Suriya, who proved his credentials as a versatile actor doing varied roles untill recently, has taken a litmus test of doing a mass commercial hero in 'Ayan'. In the end, he emerges out as a clear winner leaving his impression all through the film.
The striking feature of the movie is Suriya's amazing screen-presence. He is right there delivering his best. Be it romance, action or comedy, Suriya is at his crackling form serving the very basic purpose of purpose of entertaining the masses.
Cinematographer - director K V Anand had touched a sensitive theme in his maiden directorial venture 'Kana Kandein'. 'Ayan' too serves a purpose. It brings to light the pitiable condition of uneducated and poor youth, who are being used as bait by smugglers. Often referred to in Tamil as 'Kuruvi', these men live a life loaded with risk. However the movie is not preachy as Anand laces right commercial elements all through.
A macho-man story, 'Ayan' is a perfect summer entertainer. Though the storyline is familiar and oft-seen in the past, the pacy narration and captivating visuals provide the necessary pep to the film.
Anand's packaging of this commercial entertainer is sophisticated but would appeal to all sections. Reminding one of movies like 'Dhalapathy', 'Nayagan' and the much recent 'Gemini', 'Ayan' is a riveting and racy right from the word go. Produced by AVM and presented by Sun Pictures, the movie has magical moments enthralling audience.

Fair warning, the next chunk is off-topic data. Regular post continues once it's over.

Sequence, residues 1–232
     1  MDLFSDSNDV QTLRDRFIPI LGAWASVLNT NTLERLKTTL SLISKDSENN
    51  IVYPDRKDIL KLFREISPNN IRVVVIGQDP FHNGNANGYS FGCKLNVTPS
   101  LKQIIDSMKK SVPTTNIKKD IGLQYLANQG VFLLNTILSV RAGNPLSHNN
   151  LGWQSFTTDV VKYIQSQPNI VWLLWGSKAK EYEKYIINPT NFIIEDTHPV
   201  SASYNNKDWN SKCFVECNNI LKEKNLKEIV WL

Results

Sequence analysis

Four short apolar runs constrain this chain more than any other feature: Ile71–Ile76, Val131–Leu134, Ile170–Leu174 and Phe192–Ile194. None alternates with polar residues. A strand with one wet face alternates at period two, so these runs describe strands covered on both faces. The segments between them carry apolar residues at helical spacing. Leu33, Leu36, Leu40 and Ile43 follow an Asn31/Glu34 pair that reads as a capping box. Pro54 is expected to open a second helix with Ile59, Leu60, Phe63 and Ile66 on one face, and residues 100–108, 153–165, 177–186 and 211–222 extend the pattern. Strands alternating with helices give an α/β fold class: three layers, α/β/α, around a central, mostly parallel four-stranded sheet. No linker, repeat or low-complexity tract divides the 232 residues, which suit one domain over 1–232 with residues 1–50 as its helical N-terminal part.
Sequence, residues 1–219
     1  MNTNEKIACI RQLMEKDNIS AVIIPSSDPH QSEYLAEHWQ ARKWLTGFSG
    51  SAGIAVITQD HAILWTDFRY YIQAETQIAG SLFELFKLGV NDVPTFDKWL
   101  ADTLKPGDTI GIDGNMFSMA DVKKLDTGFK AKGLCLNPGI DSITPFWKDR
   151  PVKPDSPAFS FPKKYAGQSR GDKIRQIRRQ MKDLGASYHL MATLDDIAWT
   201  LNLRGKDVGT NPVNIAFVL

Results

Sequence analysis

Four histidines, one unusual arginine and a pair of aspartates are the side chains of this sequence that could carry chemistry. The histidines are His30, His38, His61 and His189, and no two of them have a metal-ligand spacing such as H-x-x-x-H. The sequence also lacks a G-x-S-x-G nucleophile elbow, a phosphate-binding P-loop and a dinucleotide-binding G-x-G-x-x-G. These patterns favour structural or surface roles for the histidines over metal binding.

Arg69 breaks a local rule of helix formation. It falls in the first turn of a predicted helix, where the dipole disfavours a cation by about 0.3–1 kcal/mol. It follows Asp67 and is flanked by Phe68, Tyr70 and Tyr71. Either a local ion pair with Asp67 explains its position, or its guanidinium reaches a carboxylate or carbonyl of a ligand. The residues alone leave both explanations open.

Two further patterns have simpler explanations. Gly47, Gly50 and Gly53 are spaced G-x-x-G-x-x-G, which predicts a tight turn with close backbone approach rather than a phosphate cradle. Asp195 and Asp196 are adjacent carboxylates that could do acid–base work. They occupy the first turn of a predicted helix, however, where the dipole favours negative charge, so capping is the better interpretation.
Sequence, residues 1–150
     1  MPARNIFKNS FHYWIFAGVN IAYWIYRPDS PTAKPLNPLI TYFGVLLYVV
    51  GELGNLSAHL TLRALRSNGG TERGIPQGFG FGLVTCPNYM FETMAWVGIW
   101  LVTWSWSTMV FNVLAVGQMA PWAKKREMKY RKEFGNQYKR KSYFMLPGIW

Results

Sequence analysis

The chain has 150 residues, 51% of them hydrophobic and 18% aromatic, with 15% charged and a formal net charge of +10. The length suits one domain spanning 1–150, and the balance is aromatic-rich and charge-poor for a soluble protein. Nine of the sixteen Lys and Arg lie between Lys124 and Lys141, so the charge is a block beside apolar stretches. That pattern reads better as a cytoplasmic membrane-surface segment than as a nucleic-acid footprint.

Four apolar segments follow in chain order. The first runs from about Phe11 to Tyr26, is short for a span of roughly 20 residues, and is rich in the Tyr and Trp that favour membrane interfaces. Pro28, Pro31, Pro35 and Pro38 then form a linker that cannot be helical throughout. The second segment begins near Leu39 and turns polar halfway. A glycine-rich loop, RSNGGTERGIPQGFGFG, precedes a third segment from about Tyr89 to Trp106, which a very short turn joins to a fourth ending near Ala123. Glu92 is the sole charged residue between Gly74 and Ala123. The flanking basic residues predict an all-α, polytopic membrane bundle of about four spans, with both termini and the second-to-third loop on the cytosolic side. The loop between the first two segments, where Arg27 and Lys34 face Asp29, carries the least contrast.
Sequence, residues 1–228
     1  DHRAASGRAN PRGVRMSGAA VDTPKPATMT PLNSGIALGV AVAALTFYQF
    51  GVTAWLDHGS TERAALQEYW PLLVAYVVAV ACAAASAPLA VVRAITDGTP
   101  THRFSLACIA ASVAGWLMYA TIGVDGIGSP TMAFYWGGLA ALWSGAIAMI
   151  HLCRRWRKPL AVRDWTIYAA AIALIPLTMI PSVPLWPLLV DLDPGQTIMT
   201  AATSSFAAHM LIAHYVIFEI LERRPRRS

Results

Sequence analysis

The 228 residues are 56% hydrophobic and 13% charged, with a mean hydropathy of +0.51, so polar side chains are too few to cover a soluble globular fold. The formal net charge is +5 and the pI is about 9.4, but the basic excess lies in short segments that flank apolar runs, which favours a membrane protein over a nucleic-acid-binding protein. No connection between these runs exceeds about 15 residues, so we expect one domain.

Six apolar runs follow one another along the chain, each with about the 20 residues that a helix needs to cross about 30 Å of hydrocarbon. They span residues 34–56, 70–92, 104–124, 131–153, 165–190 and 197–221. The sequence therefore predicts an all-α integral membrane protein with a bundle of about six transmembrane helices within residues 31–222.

Deva (Suriya) is a typical Chennai youth. His mother (Renuka) aspires that her son would join government service. Pursuing his post graduate course, Deva instead works for Das (Prabhu), who runs a smuggling racket.
A shrewd Deva is a carrier of smuggled articles bringing from abroad everything including pirated CDs of newly-released movies to diamonds without getting caught by customs officials.
However Kamalesh (Akashdeep Saigal), who runs a similar racket in the locality, starts to give nightmare for both Das and Deva. Keen to topple them, Kamalesh goes to any extremes. Das entrusts Deva with a job to smuggle diamonds from Congo. Intervenes Kamalesh. He sends his man to make Deva's mission unsuccessful. But eventually he fails. Meanwhile, Deva falls in love with Yamuna (Tamannah), sister of Chitti's (Jagan), who also works for Das.
Their rivalry hots up and a turn of events leads to Kamalesh bumping off Das. Deva goes on revenge mode. They sort out their enmity in the barren lands of Congo and a surprise awaits Suriya in the form of Narcotics Bureau chief Parthiban (Ponvannan) after he returns to the country.
Suriya's rendition of 'Chennai Thamizh', his youthful looks and body language are the major strengths of the movie. His onscreen chemistry with Tamannah is good. Amazing to see Suriya performing acrobatic stunt sequences, who has been hitherto considered as a 'performing' actor. His dedication and involvement could be seen in every frame.
Equally appealing is Tamannah. Though she has no major role to play besides a couple of songs including one in alien land, she is convincing. Prabhu as Das is apt fit for the role. He handles the role with much-needed maturity. He renders grace and charm to his role. Jagan and Karunaas play the supporting roles well. Specially Jagan with his one-liners is impressive. Akashdeep Saigal, the baddie from Mumbai, lends solidity to the role. His dubbing by 'Kolangal' fame Ajay is appropriate.
The spine-chilling chase in the streets of Congo, choreographed by stunt master Franz Spilhaus deserves a special mention. M S Prabhu capturing the mood of film in various shades and tones is a pillar of strength to Anand. Harris Jayaraj's songs are peppy. Watch out for the opening song "Pala Palakura", which is racy. However the real scene-stealer is editor Anthony. His slick work manages to sustain interest all throughout.
No doubt, 'Ayan' is one more in the kitty of successful movies being belted out by Sun Pictures.